Before announcing his campaign to become Mississippi's governor, state Rep. Robert Foster made a commitment to his wife, Heather. He'd follow the "Billy Graham Rule" - which, in his words, means avoiding "any situation that may evoke suspicion or compromise of our marriage."
His personal policy, which is also used by Vice President Mike Pence, presented a problem for Mississippi Today reporter Larrison Campbell. Citing "the optics," Foster declined Campbell's request for a 15-hour ride along, unless she brought a male colleague. Campbell and her editor objected on the grounds that it was sexist, and it prevented her from completing a story assignment about the Republican contenders for governor.
Term limits prevent incumbent Phil Bryant, a Republican, from seeking re-election, leaving an open seat and a hotly contested election. Three Republicans filed to run in the Aug. 6 primary: Lieutenant Governor Tate Reeves, former state Supreme Court chief justice Bill Waller Jr., and Foster. There are also eight Democrats running.
With the primary approaching, Mississippi Today planned the outlet's coverage, which included shadowing each of the three Republican candidates.
Campbell's relationship with Foster dated from November, when she received a tip that he planned to join the governor's race. After breaking the story, Campbell said she has kept an eye on Foster - calling him an "interesting" candidate: a Hernando, Mississippi, native "running to the right of a very conservative lieutenant governor," but who also holds some more progressive views, like expanding Medicaid coverage.
Mississippi Today reporter Adam Ganucheau shadowed Reeves and Waller. Campbell, having interacted with Foster and his team on several occasions, said she proposed to ride along with him.
Colton Robison, Foster's campaign director, told Campbell on Sunday the team was excited about the coverage and had a "big day planned Thursday." The freshman representative would be driving to the Gulf Coast, giving Campbell access to a 15-hour day.
They discussed details, then Robison said he had "a weird request."
"Would it be OK if one of your male colleges accompanied you?" he asked the veteran reporter.
Campbell recalled not knowing how to respond; she later broached it with her male editor, R.L. Nave, who said: "Absolutely not. That's sexist."
Two days later, Campbell suggested to Robison ways she could assuage Foster's concerns: She would keep her press pass in plain view; she would stick by Robison's, not Foster's, side. She reminded Robison that there would also be photographers with the team throughout the day.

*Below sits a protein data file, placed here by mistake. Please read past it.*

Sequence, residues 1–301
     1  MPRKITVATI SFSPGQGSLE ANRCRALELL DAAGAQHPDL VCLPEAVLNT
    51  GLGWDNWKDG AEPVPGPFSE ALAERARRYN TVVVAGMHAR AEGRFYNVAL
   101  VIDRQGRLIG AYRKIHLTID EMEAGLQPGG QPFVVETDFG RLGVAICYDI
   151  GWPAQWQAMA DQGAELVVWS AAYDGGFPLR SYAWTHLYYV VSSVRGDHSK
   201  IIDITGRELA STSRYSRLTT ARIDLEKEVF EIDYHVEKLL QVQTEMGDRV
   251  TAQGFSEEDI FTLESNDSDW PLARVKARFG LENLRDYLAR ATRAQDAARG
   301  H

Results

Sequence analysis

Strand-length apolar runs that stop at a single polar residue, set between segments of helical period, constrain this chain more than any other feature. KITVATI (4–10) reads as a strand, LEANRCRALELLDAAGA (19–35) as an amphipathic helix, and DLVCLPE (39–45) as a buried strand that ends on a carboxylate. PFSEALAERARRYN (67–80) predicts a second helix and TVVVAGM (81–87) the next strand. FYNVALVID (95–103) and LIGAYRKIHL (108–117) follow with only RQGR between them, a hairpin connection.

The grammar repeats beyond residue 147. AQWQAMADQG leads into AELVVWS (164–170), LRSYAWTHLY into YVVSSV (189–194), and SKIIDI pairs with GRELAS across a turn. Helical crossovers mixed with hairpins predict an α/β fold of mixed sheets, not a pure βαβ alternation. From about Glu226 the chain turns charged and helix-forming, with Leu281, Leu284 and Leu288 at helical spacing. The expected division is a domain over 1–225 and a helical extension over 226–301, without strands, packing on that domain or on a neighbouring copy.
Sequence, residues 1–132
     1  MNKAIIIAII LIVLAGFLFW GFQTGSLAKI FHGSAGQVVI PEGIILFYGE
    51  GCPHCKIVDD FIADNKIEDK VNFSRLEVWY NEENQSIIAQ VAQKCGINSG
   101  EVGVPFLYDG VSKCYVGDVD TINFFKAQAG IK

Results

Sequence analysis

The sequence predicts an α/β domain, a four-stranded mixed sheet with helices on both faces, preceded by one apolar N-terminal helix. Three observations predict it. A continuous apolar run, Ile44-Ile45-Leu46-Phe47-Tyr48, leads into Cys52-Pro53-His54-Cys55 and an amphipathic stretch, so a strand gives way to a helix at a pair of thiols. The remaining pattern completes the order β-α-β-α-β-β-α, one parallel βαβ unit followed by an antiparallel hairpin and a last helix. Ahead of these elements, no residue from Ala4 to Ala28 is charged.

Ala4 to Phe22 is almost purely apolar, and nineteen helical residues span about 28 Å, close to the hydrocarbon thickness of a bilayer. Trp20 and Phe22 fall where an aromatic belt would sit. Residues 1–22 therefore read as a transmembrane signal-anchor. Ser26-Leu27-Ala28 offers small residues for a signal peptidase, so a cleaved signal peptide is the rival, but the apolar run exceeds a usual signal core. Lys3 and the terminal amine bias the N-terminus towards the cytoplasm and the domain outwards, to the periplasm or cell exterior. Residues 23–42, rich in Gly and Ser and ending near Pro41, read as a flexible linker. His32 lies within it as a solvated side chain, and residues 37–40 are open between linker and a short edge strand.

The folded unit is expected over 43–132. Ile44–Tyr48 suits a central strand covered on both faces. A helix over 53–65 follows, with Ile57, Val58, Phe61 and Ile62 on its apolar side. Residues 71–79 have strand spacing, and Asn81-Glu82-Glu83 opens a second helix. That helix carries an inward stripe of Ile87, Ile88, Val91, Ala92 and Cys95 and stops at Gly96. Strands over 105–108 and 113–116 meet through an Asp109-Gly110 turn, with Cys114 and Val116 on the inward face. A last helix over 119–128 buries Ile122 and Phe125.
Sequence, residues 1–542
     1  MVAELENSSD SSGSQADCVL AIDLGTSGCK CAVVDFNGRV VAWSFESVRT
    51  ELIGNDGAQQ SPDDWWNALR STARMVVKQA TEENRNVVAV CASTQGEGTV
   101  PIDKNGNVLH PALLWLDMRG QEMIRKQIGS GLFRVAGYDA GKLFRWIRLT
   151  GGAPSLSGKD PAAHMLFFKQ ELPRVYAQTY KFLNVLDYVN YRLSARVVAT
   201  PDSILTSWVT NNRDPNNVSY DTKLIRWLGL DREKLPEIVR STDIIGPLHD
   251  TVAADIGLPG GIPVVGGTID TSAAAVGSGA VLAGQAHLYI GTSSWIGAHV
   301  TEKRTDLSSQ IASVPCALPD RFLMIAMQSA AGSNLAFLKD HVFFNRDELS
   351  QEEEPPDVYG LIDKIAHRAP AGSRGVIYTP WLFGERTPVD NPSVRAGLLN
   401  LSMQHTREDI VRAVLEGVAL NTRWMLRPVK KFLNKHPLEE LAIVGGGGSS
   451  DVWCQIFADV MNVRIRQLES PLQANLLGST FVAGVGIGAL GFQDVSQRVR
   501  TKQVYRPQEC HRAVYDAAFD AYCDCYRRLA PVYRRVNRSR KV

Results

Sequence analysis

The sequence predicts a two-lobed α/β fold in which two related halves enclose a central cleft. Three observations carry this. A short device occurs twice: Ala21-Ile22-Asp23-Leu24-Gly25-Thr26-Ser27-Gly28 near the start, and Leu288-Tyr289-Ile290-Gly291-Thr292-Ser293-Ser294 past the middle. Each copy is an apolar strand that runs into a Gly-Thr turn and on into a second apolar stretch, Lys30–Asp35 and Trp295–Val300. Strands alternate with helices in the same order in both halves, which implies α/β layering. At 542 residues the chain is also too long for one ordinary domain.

"We're really concerned about bad publicity," she said he responded. "Some tracker could take a photo putting (Foster) in a compromising position, and it would jeopardize his campaign."
Campbell recalled feeling "surprised and disappointed" during the call and said she asked Robison if "the only reason I would be improperly linked to your candidate is that I'm a woman."
Robison agreed, adding, "Perception is everything."
Foster told The Washington Post in an email Wednesday that he would grant Campbell the interview, but "we just want it to be in an appropriate and professional setting that wouldn't provide opportunities for us to be alone."
In what Campbell calls "a funny little twist," she told The Post she is "very openly gay."
In a phone interview Wednesday, Foster said that people should always uphold a level of respect and professionalism and make sure there is no opportunity for there to be a he-said/she-said moment.
He added, "Everyone has to make their own decisions about how to act in life. This is mine."
Following the phone conversation, Foster tweeted: "Typical liberal Washington Post is now criticizing me for my Christian beliefs. Not surprising, considering they are totally out of touch with America."
On Tuesday, the Mississippi Today reporter published a piece detailing what had happened. Many responses Campbell received mention the current post-#MeToo moment, in which Foster is "trying to protect himself." Some drew parallels to a doctor bringing a nurse into an examination room.
"That's a fair point," Campbell told The Post, "but the nurse is on the doctor's payroll. If the doctor feels he needs to be protected, he doesn't put the onus on the patient."
Foster, she explained, has essentially said, " 'You can't do this because you're a woman and you're responsible for making me feel comfortable.' The problem is the notion that the woman carries the burden to make the man feel comfortable."
A spokesperson for Waller, one of the other Republican contenders, said it would be a nonissue for his candidate. "It's our campaign's standard practice to always have a member of the staff present when speaking to the press." A spokesperson for Reeves did not immediately respond to a request for comment.
It's not surprising to see this sort of sexism, Campbell said, and it's not unique to the GOP, to Mississippi or to reporters.
"Political reporting can be an old boys club, but I think this happens to a lot of women, in a lot of work arenas. That's why it's resonating right now," she said.